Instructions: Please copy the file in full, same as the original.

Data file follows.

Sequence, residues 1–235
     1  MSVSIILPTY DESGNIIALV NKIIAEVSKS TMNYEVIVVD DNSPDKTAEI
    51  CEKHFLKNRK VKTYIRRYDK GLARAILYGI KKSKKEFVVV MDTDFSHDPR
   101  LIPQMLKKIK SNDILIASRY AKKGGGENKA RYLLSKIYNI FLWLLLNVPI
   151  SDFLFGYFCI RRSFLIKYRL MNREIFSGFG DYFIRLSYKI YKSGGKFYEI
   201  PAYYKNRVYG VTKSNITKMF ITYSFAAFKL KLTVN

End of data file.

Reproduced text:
Sequence, residues 1–235
     1  MSVSIILPTY DESGNIIALV NKIIAEVSKS TMNYEVIVVD DNSPDKTAEI
    51  CEKHFLKNRK VKTYIRRYDK GLARAILYGI KKSKKEFVVV MDTDFSHDPR
   101  LIPQMLKKIK SNDILIASRY AKKGGGENKA RYLLSKIYNI FLWLLLNVPI
   151  SDFLFGYFCI RRSFLIKYRL MNREIFSGFG DYFIRLSYKI YKSGGKFYEI
   201  PAYYKNRVYG VTKSNITKMF ITYSFAAFKL KLTVN